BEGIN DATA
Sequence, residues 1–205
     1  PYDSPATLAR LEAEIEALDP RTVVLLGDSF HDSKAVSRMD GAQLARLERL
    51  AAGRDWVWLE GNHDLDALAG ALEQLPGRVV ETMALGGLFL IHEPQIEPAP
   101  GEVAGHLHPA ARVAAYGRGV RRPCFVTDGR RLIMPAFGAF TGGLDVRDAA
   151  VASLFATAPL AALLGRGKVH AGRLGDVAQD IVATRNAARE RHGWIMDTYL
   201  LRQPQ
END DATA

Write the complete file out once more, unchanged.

Sequence, residues 1–205
     1  PYDSPATLAR LEAEIEALDP RTVVLLGDSF HDSKAVSRMD GAQLARLERL
    51  AAGRDWVWLE GNHDLDALAG ALEQLPGRVV ETMALGGLFL IHEPQIEPAP
   101  GEVAGHLHPA ARVAAYGRGV RRPCFVTDGR RLIMPAFGAF TGGLDVRDAA
   151  VASLFATAPL AALLGRGKVH AGRLGDVAQD IVATRNAARE RHGWIMDTYL
   201  LRQPQ